Anton, a 13-year-old boy from Pripyat who arrives in the Franconian province in 1987, a year after Chernobyl, where his talent for chess is discovered; Igor, his friend of the same age, both inseparable like Siamese twins; Simon, the son of the host family, who thirty years later is looking for the then child prodigy Anton who has disappeared again after Igor surprisingly turned up as a chess grandmaster – these are the actors in the debut novel by director and visual artist Benjamin Heisenberg. In “Lukusch”, the 48-year-old collages text types and combines genres, he works with numerous photos, and organizes a smart narrative game of deception that makes reading a great pleasure.
You make it complicated. The book says “Roman” and your name, and then in the foreword you become part of the fiction as the editor of a bundle of texts and pictures.
It’s a first novel written by the author as a series of short stories. The perspectives of the characters also change, from the desire to tell the story from the point of view of another character the next day and to develop their own narrative attitude for each character. The framework for this is my editorship, also because the first-person narrator is Simon Ritter and not myself, although there are autobiographical parts in the text from me as the editor. This confusion is part of the concept.
And then you also made a video for the novel!
The video came after that. It is part of a work for an exhibition that is currently being created. At the end of the day, it should look like the wall of one of those commissariats you see in crime novels. A visual search for clues with images of people, crime scenes and events. The video works like cinematic evidence. At the same time, it tells the genesis of the pictures in the book, which were put together and edited from very interesting parts.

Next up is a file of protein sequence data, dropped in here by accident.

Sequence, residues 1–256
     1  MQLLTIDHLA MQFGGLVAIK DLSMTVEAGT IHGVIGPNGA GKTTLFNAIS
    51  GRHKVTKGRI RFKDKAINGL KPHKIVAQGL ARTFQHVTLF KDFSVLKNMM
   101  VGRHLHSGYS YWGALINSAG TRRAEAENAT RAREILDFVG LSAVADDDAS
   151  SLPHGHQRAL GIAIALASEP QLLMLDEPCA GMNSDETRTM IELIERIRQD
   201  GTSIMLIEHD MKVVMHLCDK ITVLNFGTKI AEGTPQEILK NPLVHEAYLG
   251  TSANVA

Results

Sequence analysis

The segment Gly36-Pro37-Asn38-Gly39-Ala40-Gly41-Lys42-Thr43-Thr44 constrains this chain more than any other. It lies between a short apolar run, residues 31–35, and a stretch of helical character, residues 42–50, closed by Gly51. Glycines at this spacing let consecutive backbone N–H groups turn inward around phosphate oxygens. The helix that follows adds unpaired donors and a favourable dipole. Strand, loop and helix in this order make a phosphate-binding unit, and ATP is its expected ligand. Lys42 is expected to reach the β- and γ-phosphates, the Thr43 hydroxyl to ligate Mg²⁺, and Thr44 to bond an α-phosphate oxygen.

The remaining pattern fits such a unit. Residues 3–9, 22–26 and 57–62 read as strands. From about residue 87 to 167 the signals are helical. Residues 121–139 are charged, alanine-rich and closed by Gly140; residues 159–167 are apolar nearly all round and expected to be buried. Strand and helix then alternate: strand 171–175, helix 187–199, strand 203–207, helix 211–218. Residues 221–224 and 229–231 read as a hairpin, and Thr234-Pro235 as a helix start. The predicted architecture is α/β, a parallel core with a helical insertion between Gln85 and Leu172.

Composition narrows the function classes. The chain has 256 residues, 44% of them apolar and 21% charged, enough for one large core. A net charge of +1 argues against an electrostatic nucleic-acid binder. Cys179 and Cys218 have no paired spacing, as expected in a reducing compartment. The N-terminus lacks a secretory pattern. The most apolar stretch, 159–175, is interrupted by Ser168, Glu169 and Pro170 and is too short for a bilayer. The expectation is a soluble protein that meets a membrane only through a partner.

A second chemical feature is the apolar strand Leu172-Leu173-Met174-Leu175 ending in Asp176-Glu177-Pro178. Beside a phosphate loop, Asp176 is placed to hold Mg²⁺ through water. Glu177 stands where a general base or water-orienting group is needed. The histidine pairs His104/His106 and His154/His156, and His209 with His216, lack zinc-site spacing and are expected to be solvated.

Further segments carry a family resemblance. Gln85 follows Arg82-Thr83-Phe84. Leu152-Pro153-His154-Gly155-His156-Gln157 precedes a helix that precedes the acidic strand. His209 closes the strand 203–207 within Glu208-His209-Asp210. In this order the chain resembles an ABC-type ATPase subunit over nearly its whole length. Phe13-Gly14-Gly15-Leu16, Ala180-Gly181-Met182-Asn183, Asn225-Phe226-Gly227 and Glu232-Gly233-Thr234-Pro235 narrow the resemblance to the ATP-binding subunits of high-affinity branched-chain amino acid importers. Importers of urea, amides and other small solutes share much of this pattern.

What was the initial spark for the novel?
The project is very old. It started with a short story that I wrote around 1997 when I was studying film. With a few changes, you can read them in the novel, in the chapter “That was the 1980s”. Then, while I was still studying, I worked on it with Christoph Hochhäusler and now 25 years later with Peer Klehmet. So it’s a film project that finally became a book thanks to Peer’s suggestion.
Was it a special attraction to try something in a different medium that would have been very complicated in the cinema?
Absolutely. It also follows a line in my artistic work in which the connection between text and image was elementary from the beginning. Basically, that’s how I got into film. During my studies I dealt with Umberto Eco and semiotics and then made my first video that combined symbols and text. There are texts that react to images and vice versa, and in this way I create a fiction in the book that at the same time has a lot to do with my origins in Franconia and other experiences and people in my life.
The big picture or theme behind the novel is Chernobyl. You were born in 1974, like the protagonists. You were twelve years old when the reactor catastrophe happened. What do you remember?